An intimacy expert shares her ten sex tips to save your relationship and ‘jump start’ libidos’ – and it all starts with ‘communication’.
Clinical psychologist Dr Britney Blair, from Stanford University School of Medicine, in the U.S., claims following her advice could improve your relationship in the long run and resolve problems in the bedroom.
For more of Dr Blair’s sexual wellness advice, people can visit the Lover app, which describes itself as ‘a personal trainer for your sex life’.
Lover offers guidance through both audio and video content and provides exercise techniques for millions of people globally developed by Dr Blair with a team of sexual medicine experts.
Alongside two other co-founders, Jas Bagniewski and Nick Pendle, Dr Blair manages the app and works as chief science officer. She specialises in sexual health and is the founder of northern California’s largest group of independent sexual health clinics.
Clinical psychologist Dr Britney Blair, from Stanford University School of Medicine, shares her professional tips on how to improve sex and your relationships
Dr Blair has drawn on more than a decade of clinical experience to create these top ten sex tips that are the key to keeping couples together.
‘Communicate. Communicate. Communicate. You are not a mind-reader, and neither is your partner. Make communication about your relationship and your sex life a regular practice.
‘If you want to talk about something vulnerable – for example, something that is not going so well or something you want more of – consider having that conversation while driving or on a hike. It’s easier to be vulnerable when you’re not making eye contact.’
Be spontaneous with your partner
‘Don’t wait until you want. It is normal for ‘spontaneous’ desire/libido to dip after six-12 months into a monogamous relationship for both men and women.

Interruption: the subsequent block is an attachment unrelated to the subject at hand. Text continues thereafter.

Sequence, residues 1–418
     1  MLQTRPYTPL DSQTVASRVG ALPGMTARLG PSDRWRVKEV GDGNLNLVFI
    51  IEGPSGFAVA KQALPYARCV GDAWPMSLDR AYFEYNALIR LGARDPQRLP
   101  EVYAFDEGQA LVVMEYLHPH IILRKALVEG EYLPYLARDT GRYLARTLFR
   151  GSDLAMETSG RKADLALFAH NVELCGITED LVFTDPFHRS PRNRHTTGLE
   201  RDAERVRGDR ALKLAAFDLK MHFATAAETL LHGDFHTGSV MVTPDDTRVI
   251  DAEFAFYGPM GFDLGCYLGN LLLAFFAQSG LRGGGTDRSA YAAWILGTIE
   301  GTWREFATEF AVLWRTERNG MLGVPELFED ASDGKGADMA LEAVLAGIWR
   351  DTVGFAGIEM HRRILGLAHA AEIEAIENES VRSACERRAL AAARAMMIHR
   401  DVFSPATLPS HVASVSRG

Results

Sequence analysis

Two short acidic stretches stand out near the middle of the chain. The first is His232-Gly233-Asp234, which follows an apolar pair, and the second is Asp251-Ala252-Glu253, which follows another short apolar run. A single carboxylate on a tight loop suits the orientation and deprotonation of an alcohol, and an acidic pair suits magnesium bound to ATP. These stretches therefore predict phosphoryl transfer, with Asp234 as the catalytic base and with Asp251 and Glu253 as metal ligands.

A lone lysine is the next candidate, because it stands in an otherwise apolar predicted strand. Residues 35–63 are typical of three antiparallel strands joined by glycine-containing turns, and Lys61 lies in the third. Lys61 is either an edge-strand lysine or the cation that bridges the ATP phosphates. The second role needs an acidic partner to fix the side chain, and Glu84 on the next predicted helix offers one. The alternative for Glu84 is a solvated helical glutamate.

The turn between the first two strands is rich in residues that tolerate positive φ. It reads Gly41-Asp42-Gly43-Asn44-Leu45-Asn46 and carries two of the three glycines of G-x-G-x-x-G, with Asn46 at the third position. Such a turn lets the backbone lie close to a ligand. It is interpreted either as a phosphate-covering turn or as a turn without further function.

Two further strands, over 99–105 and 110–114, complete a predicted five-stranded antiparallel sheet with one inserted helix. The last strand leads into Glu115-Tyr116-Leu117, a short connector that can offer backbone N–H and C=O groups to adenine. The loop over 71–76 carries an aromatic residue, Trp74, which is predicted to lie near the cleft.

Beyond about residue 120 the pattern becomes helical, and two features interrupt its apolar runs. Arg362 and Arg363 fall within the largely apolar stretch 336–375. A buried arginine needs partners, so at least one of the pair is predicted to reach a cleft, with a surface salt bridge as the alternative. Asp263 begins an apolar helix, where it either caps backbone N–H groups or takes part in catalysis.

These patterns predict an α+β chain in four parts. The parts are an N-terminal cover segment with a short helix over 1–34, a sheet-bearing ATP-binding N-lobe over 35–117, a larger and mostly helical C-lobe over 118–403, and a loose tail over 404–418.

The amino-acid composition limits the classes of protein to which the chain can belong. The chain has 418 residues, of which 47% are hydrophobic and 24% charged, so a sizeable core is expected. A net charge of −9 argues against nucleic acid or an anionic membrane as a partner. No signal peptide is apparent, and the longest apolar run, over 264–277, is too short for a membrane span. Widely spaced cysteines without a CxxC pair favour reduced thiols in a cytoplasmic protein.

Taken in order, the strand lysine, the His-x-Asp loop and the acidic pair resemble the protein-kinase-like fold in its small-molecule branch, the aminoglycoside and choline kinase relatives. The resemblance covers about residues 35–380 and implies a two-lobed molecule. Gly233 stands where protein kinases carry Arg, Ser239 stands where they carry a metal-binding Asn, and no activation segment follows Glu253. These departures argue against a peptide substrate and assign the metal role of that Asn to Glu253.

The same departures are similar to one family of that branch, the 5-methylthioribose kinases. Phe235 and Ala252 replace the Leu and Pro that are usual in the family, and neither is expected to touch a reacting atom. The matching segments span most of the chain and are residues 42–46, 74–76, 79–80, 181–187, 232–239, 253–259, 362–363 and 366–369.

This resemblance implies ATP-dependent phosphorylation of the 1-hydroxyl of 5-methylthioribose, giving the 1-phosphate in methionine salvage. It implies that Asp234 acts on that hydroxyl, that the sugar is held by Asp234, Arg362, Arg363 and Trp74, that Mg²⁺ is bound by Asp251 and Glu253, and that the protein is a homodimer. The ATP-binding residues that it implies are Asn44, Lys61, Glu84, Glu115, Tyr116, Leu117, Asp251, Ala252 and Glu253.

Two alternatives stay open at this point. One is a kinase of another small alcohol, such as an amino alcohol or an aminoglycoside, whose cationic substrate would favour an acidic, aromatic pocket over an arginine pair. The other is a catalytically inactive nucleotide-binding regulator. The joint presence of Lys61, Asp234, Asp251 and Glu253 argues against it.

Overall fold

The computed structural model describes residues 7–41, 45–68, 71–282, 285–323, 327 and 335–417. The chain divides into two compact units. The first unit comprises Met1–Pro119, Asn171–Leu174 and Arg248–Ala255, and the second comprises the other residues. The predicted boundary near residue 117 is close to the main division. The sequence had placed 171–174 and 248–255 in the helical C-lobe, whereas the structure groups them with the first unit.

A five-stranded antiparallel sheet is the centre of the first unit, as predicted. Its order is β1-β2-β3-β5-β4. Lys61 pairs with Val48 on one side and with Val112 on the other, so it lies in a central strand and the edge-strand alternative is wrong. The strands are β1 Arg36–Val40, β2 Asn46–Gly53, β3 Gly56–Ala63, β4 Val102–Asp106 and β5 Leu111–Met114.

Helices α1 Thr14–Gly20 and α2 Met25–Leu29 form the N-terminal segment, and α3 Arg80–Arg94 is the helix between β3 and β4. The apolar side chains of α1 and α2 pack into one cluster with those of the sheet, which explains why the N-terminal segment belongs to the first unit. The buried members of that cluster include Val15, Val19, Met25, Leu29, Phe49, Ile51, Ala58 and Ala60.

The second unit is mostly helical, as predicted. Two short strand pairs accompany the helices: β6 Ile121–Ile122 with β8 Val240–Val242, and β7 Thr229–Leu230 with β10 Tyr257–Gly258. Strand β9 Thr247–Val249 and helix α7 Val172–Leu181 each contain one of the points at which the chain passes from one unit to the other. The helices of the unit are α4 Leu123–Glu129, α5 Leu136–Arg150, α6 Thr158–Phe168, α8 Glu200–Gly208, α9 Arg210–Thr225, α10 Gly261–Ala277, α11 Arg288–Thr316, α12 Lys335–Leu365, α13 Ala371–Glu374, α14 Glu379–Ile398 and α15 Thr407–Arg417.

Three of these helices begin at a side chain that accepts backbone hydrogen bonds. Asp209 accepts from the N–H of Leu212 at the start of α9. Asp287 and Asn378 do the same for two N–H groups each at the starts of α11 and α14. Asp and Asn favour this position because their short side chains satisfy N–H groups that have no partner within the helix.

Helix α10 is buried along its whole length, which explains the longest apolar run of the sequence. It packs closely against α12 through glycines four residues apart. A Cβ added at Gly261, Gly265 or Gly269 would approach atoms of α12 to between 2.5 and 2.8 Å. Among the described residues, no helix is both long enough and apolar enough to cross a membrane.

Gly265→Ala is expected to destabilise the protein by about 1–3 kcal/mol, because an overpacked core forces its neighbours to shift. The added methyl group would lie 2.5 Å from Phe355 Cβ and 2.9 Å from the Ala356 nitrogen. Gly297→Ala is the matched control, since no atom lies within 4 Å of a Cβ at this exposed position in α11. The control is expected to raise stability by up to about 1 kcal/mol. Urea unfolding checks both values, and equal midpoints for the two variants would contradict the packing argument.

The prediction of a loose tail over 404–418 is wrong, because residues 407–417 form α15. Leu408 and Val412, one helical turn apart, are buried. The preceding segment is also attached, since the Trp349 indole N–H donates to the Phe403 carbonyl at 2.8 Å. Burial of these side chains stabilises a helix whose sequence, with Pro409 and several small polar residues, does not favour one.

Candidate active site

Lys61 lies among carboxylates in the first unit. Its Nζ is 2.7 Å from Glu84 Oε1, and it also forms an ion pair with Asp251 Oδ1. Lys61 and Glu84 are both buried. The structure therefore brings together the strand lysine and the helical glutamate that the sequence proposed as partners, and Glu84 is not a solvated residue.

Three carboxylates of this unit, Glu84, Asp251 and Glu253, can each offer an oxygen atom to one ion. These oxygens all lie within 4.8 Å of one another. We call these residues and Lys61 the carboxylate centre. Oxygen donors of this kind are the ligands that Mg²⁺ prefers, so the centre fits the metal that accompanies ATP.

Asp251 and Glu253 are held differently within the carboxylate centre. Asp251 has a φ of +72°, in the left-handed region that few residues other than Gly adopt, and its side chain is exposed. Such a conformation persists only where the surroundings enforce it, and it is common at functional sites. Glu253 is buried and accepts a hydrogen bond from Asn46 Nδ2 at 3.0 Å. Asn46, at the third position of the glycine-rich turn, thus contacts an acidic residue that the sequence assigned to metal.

‘However, by choosing to engage erotically with your partner, you can actually ‘jump start’ your sexual desire.’
‘Decrease the pressure on sexual performance (e.g., getting an erection or having an orgasm) and really focus on pleasuring yourself and your partner… whatever that looks like for you!’
‘Clinical research suggests that sex two times per week is correlated with the highest relationship and life satisfaction. But life will get in the way.
‘As un-sexy as it may sound, scheduling time to erotically connect with your partner will send the signal that you are both prioritising this aspect of your relationship, it will build sexy anticipation and will pay off big time with increased relationship satisfaction.’
Focus on the attitude of gratitude
Too often in relationships, we focus on what is not going well. Criticism can cut away at your connection (and is definitely NOT sexy). Notice and then express gratitude for the things that your partner is doing for you or for the relationship. This expression has to be sincere AND specific.
Dr Blair says the key to a healthy relationship is communication – she advised that for vulnerable topics, it’s best to have the conversation without eye contact (stock image)